Stop Dry Mouth Now
Alice Lesch Kelly
With the possible exception of major-league baseball players, nobody wants to think much about spit. But the truth is, having drought in your mouth is no good for teeth, gums and breath -- plus, it could signal a bigger health problem.
Common Culprits of Dry Mouth
Saliva is your mouth’s cleaning crew: It washes away bacteria that can contribute to tooth decay, gum diseases and infection in the mouth. It also lends a hand when you eat, helping you chew, swallow and digest food -- not to mention, actually enjoy flavors.
But when saliva drains, it leaves your mouth defenseless and your teeth and gums prone to disease. What’s more, dry mouth could be a symptom signaling a serious underlying problem, including diabetes, lupus, kidney disease and nerve damage.
The good news, however, is that dry mouth is actually almost always a side effect of medications. In fact, a whopping 400 different medicines can affect the salivary glands’ ability to manufacture saliva, including antihistamines, antipsychotics, anti-inflammatories, diuretics, sedatives and drugs prescribed for depression, high blood pressure and pain, according to Dr. Raymond K. Martin, a spokesperson for the Academy of General Dentistry. And if you take several medications, your saliva is even more likely to suffer.
Dry Mouth Rx
The first thing to do if your mouth is constantly dry is to discuss it with your doctor, suggests Martin. If you are otherwise healthy, sometimes simply switching to a different drug manufacturer or slightly lowering the dosage can do the trick. Your physician may also recommend artificial saliva mouthwashes, gels, sprays or medications that boost saliva production.
But if your mouth still feels like it’s not wet enough to whistle, pump up the moisture by trying out some of these handy tips:
Drink some water … and keep drinking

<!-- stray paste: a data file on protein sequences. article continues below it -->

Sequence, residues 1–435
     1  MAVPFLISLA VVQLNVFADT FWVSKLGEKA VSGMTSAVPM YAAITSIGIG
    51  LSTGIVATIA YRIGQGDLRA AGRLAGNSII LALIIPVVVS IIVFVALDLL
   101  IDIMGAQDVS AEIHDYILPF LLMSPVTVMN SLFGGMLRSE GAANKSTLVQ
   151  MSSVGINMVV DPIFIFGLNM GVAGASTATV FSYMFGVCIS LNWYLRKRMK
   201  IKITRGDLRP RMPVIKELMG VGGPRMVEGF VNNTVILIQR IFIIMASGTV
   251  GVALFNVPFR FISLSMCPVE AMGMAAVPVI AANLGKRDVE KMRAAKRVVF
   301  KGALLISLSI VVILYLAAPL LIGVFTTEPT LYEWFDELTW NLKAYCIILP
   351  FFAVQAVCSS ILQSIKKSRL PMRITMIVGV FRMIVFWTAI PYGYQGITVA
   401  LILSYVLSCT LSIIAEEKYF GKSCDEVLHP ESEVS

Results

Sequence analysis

You probably already know that you should drink eight glasses of water a day, but this is especially important if you have dry mouth.
Chew sugarless gum.
Chewing gum helps generate more saliva, naturally keeping your mouth moist and your teeth protected from bacteria.
strong>Limit salty, spicy and sugary foods. All of these can make you even more parched.
Avoid tobacco, alcohol and caffeinated drinks, which quickly dry the mouth.
Use moisturizing lip balm.
It helps heal cracked lips, a common consequence of dry mouth.
Brush and floss regularly.
Be extra-conscientious about your oral care habits, since a lack of saliva can make the mouth a breeding ground for bacteria and cause cavities.
Opt for an alcohol-free mouthwash.
Research shows that alcohol in high concentrations contributes to dry mouth, causing bad breath. Check the product label to make sure alcohol is not an ingredient.
Consider fluoride gel.
Talk to your dentist about whether you should use an over-the-counter fluoride rinse or a prescription fluoride gel to protect your teeth from decay.
Alice Lesch Kelly is a freelance medical writer who has covered women's health, nutrition and oral health for print publications and the Web, including The New York Times, The Los Angeles Times, More, Shape, Martha Stewart Living and VIV. She is the co-author of four books on women's health.
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- Dry Mouth Can Be a Serious Problem
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